Share This Article

Church of Spies: The Pope’s Secret War Against Hitler, by Mark Riebling, Basic Books, New York, 2015, $29.99

Pius XII, who reigned from 1939 to his death in 1958, was among the most controversial popes of modern times. Critics maintain he took his job too literally, emphasizing his duty to preserve the Roman Catholic Church and remain above politics when he should have assumed moral leadership to actively fight Nazism and shield its victims. But in this revealing history of Pius’ wartime dealings with the German resistance to Nazi rule, Journalist Riebling makes a case the pope didn’t do badly.

Pius genuinely disliked Adolf Hitler. The Holocaust preoccupies historians, but Hitler also oversaw a vicious persecution of Catholics. Most readers recall the 1934 “Night of the Long Knives” purge, when the Nazi leader had many of his rivals murdered. The list of victims included influential Catholic politicians, magazine editors and even the leader of the Catholic Youth Sports Association. In the wake of the 1939 conquest of Poland, the Nazis launched a massive attack on its Catholics, executing or deporting thousands of clergy members.

Despite the book’s title there was no combat, but Pius nonetheless turns out to have been a pivotal figure in the resistance to Hitler. There was no shortage of Nazi leaders anxious to get rid of the führer. When he threatened to invade Czechoslovakia in 1938, they were certain Germany would lose the war that would follow. A planned coup when Hitler made his move fell apart when British Prime Minister Neville Chamberlain agreed to dismember Czechoslovakia.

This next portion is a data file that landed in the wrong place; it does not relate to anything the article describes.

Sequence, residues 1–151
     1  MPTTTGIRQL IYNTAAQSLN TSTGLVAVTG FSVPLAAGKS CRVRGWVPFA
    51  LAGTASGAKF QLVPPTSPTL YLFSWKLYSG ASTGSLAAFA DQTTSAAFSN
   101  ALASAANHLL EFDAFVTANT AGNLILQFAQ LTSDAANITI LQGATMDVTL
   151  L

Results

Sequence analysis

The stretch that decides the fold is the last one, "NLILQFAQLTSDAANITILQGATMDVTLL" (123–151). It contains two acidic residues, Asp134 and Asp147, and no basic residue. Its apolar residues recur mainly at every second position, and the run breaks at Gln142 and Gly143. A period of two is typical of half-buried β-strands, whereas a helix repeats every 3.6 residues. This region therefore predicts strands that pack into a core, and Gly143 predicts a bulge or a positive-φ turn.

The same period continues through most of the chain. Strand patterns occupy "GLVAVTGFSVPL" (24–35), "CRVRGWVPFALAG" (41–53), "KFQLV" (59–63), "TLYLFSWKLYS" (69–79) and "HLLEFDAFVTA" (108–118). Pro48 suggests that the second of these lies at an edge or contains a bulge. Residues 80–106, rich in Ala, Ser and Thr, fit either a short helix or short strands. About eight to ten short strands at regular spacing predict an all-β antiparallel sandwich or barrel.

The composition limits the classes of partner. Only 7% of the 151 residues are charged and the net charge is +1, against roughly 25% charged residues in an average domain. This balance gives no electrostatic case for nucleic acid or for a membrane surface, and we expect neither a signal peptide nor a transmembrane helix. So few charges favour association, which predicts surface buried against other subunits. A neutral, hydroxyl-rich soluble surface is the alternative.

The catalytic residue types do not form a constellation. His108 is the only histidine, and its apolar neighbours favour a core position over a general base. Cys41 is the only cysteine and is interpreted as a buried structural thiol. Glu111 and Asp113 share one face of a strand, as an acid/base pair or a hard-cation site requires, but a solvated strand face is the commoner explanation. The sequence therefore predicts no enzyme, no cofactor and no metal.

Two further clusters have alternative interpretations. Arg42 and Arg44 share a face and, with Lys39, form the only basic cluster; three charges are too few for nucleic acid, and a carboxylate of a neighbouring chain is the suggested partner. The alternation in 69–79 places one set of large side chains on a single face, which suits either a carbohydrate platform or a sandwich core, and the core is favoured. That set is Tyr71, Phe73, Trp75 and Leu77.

The Wehrmacht had little trouble conquering Poland, but Germany’s military leaders largely opposed invading France, then regarded as Europe’s leading power. While they considered deposing Hitler, many worried the Allies would take advantage of a leaderless Germany. They approached Pius XII, who agreed to vouch for them and act as an intermediary in negotiations with the Allies.

For the remainder of the war a half-dozen lay and ordained German Catholics kept in touch with the resistance in Berlin, traveling to and from Rome to inform the pope and relay his encouragement. Pius passed intelligence to Allied diplomats, who remained skeptical even when he provided such useful details as the dates of German offensives.

Readers will be surprised at the steady stream of anti-Hitler conspiracies, several of which reached the point where dates were set and bombs assembled. It’s no secret that all attempts failed, and the near miss on July 20, 1944, prompted a flurry of arrests, torture and executions, which Riebling describes in gruesome detail.

Despite knowing the outcome, readers will admire the author’s effort and won’t find it entirely depressing. The pope’s emissaries took terrible risks, and most died horrible deaths, but a few survived and went on to distinguished postwar careers in government and the church hierarchy.

—Mike Oppenheim